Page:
Wenceslas Square was a wide, pedestrian street, full of shopping and cafes. Just my kind of area! Even the McDonald's had a cute patio for curbside dining.

Later that night, jet lag was definitely getting the better of us. Matt was sick, and went to bed at six o'clock. I was desperate to go to bed too, but the girls and I fought off the sleep for another few hours by taking to the streets for some treats. We had been wanting to try the pastry called trdelnik, (pronounced tah-DELL-neek).

Long strips of dough were wrapped around a stick then baked over open flames, and topped with sugar, ground walnuts and cinnamon.


Basically, the Czech version of a churro, in a super fun shape.

They were warm, perfectly crisp on the outside and slightly doughy on the inside. Yummmm!

Can you spot Eva?

Sauntering in the twilight was indeed a great way to fight the jet lag for a few more hours.

Day Three
On our last day in Prague, we didn't have to be at the airport until late afternoon, so that gave us the morning to finish up our sight-seeing. We had read about a large farmer's market on Saturday mornings, so why not? And we just happened to pass the Dancing House, along the way. 

The farmer's market was lots of fun and we were definitely not in a tourist area any longer.

The flower stands were gorgeous,

as were the berries, which definitely seemed to be in season.

Czech food seemed very similar to German food with lots of hearty stews, sausages and potato offerings.

Prior to our trip, Ella randomly read about a traditional Czech dessert called kolacky, while doing her schoolwork. We had been on the lookout, and found some at the market.

Kolacky is usually sweet or savory, and we tried the peach flavor. It was okay, a lot like strudel.

Then we noticed a different kolacky booth with a long line, so we decided try it again.


This one was plum, and was much better than the first. The locals were right!

We also tried some pickled cheese. Yep, pickled cheese. A local favorite.


But, we saved no room for pork. Pork knuckle, and pork in general, is also a popular Czech meal.

Finally, on the walk back to the hotel, we had time for one last picture with a beautiful Prague backdrop.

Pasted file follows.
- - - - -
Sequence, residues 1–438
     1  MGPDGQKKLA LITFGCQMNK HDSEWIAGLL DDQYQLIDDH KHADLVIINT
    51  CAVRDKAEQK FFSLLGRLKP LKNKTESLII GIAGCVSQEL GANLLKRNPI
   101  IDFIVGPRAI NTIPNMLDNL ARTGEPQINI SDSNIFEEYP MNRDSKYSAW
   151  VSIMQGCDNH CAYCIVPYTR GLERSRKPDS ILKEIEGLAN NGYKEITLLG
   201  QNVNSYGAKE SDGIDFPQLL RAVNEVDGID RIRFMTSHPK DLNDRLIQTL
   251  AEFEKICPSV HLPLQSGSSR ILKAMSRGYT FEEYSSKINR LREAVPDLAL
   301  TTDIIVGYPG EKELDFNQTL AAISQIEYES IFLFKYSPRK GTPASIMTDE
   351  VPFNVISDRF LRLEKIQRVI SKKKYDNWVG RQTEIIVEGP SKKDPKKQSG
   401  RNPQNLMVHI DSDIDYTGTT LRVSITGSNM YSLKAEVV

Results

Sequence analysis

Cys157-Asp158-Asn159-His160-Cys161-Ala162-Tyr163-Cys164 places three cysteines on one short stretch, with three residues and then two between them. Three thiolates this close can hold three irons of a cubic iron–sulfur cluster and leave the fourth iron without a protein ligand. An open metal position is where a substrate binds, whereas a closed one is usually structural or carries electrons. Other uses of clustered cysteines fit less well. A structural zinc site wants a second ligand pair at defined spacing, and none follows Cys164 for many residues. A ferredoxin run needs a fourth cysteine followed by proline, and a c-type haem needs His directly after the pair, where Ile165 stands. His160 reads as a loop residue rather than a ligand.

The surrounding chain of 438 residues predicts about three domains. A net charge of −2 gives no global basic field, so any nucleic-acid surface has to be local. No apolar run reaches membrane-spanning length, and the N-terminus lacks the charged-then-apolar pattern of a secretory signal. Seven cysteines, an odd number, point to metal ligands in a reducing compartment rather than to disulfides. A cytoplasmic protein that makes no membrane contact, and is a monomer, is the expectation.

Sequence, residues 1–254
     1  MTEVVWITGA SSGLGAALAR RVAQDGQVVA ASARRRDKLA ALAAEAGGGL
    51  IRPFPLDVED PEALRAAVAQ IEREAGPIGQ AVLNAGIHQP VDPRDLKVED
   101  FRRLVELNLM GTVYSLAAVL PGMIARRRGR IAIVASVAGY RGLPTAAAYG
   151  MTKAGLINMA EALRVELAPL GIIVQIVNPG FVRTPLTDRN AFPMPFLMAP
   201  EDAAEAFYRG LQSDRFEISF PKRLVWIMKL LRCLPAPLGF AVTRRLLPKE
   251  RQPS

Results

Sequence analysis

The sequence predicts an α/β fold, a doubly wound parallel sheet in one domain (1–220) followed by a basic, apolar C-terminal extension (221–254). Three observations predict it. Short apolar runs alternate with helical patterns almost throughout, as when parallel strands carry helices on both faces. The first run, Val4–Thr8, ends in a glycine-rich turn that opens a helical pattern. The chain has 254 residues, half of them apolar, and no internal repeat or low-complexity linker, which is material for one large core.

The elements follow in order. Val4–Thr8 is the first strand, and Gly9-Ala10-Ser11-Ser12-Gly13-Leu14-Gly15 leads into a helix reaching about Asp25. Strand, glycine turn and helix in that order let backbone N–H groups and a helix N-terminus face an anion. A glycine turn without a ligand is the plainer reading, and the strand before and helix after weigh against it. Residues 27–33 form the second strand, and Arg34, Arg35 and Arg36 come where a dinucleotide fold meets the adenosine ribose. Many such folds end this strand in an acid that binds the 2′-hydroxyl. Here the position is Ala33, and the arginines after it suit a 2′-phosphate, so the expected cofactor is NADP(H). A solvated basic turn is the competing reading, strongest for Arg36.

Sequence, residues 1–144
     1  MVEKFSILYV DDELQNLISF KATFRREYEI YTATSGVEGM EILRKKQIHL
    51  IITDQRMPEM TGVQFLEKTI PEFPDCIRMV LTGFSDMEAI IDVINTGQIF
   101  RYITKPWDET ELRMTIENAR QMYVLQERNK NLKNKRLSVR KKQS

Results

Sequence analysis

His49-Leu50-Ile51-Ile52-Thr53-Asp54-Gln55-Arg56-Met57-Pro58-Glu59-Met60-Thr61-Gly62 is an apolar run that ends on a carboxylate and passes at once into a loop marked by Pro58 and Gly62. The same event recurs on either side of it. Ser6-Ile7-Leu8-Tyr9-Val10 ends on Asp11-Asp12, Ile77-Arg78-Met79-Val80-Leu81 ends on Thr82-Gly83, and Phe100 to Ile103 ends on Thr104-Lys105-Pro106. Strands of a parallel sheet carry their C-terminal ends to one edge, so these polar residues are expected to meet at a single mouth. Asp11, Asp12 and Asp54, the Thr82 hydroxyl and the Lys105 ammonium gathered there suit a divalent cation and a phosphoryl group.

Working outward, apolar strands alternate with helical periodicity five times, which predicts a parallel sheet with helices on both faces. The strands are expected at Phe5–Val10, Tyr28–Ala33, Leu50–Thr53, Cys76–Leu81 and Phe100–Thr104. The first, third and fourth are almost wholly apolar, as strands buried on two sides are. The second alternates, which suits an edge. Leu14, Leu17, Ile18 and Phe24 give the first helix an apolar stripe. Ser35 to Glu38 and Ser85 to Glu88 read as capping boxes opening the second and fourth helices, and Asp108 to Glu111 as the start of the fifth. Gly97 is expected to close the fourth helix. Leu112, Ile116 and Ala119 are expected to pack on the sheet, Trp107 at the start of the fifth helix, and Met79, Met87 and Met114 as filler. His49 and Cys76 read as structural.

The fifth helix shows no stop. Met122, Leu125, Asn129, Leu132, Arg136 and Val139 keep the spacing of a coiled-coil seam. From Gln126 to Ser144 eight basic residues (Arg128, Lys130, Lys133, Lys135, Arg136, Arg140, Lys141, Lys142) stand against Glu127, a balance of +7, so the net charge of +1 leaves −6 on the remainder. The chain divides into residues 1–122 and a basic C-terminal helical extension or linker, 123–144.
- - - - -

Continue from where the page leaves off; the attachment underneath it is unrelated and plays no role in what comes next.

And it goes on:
I couldn't get over the utter charm of this city; cobblestone streets, flower boxes and architectural flair- everywhere!

And it was also a very international city. I loved being surrounded by the delightful sound of dozens of different languages, and every once in a while, hearing a snippet of my own.

We no longer had Old Town Square to ourselves, though. 

The area was bustling with tourists and some fairly odd street performers. Still don't really know what this was supposed to be. 

But alas, our time had come to an end. Purchasing train tickets from a machine with very little English, is always an exciting adventure! There is much guessing involved.

Apparently, we managed okay and successfully made it back to the airport.

So long, Prague. I absolutely fell in love with the delightful charm of this city. It was so beautiful and very easily managed on foot. Now on to the the next leg of this European adventure, the one and only....Rome!

6 comments:

  1. Wow, what a cool place! I remember loving Prague Castle. Love the girls flowered wreaths!!!

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  2. What a fun blog! I love all your pictures and the description of your adventure! I went to Prague once years ago when we lived in Germany. What a beautiful place! This was a really fun blog!

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  3. So awesome! What a trip! Your girls are quite the travelers!

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  4. Such an amazing adventure. Thanks so much for sharing with us. Closest I will probably get to Prague.

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  5. I can't believe all of the neat things you saw here. The cathedral alone looks like it was worth the trip, but there was so much more! Thank you for sharing. I need to catch up on here!